Pittsburgh Steelers Best vs Riskiest Moves This Offseason

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For all intents and purposes, the Pittsburgh Steelers offseason has pretty much come to a close.  The OTA’s will start soon, and the team more than likely won’t be making any more transactions other than signing the new draft picks (maybe).  Time to take a look at what could be the best and riskiest moves the Steelers took over the last three months.

Best moves

I think there are two that fall into play here.  One is fairly obvious, the other might be a bit of a reach.

Dumping LaMarr Woodley

Nov 10, 2013; Pittsburgh, PA, USA; Pittsburgh Steelers outside linebacker LaMarr Woodley (56) warms up prior to a game against the Buffalo Bills at Heinz Field. Mandatory Credit: Mark Konezny-USA TODAY Sports

Woodley became a liability after his second calf injury in 2013.  His failure to stay in NFL football shape during the offseason, accountability on the field, and drop in production (due to all of the above) put the Steelers in a very difficult situation.  They made the best move they possibly could by releasing Woodley this spring and making the roster move official on June 1st in order to recoup as much dead money from the contract as possible.

The departure of Woodley means that the Steelers had minimum damage in trying to work salary cap magic before having to sign their rookies prior to training camp.  And, in a way, it allowed them to be aggressive early in trying to sign a key FA or two to lessen then stress of having to nail every single draft selection.  I think this move pretty much set the table and put the wheels in motion for the last three months.  While I give the months of March-May somewhere around a grade of a B-, that grade would be even lower were they to keep Woodley, be forced to release or restructure other players in order to keep Woodley’s fat salary on the books in full, and not sign any key free agents.  As much of a good move that this is, it’s also a bit risky.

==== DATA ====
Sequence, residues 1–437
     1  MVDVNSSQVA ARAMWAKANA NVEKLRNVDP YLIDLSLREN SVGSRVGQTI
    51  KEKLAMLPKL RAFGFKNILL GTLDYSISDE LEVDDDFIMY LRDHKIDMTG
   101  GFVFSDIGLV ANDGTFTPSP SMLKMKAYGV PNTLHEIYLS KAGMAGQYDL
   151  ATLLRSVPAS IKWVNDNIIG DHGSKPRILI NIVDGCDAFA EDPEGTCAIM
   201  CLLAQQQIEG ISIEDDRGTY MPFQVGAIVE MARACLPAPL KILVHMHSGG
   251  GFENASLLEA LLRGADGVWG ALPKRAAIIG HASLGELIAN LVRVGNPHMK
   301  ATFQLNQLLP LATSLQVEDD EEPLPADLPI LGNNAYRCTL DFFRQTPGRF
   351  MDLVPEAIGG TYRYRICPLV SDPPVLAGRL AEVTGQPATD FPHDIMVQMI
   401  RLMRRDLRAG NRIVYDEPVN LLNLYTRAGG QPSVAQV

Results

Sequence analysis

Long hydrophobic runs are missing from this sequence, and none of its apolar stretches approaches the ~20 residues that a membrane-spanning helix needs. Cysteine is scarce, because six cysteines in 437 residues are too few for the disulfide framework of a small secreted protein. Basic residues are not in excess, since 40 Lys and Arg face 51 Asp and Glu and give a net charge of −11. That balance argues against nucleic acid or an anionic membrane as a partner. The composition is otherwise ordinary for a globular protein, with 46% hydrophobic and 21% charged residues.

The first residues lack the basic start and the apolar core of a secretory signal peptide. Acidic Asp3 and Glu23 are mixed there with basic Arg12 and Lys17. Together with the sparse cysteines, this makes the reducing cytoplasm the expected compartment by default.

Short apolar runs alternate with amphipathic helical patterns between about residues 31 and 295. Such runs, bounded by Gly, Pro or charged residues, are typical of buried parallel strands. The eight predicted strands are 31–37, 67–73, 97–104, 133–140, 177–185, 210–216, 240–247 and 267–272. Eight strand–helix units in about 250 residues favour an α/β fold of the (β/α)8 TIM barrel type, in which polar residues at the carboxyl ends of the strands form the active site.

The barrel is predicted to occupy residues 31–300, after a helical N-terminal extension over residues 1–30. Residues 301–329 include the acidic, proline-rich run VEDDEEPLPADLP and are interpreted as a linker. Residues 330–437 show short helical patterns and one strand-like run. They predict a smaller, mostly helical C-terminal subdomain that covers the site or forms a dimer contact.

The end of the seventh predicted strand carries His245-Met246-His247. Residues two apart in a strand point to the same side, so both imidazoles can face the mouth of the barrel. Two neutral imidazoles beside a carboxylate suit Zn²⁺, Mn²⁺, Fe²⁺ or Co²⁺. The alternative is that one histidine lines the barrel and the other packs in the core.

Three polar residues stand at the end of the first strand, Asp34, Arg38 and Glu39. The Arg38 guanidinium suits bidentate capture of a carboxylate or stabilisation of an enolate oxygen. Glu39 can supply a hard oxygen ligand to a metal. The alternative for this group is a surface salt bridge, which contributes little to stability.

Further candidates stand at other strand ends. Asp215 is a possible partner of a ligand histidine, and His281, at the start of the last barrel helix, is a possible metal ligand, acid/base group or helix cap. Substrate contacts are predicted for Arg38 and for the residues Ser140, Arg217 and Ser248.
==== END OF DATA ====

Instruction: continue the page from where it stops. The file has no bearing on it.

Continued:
Signing FA safety Mike Mitchell

Jan 12, 2014; Charlotte, NC, USA; Carolina Panthers free safety Mike Mitchell (21) on the field prior to the 2013 NFC divisional playoff football game at Bank of America Stadium. Mandatory Credit: Bob Donnan-USA TODAY Sports

The Steelers first and biggest free agent signing was with safety Mike Mitchell from the Carolina Panthers.  Mitchell’s age and speed already puts him at a huge advantage over his predecessor, Ryan Clark.  At age 27 and with a rather impressive speed for pursuit, Mitchelll will turn the clock back to previous seasons when Clark was in his prime and the Troy Polamalu/Clark duo was a feared pair.  He certainly is a playmaker with four interceptions and a few sacks to go along with them in 2013.  To top it off they got Mitchell at a bargain – five years at $25 million total.  Only $5 million is guaranteed money, which is huge if this guy has a major decline or injures himself to the point of no return.  Colbert and Kahn were smart and able to get Mitchell to agree to a contract that is backloaded.  That’s helpful in the long run since a few key vets have rather large cap hits in the coming years.  It’s a good signing and one of the best moves the organization made.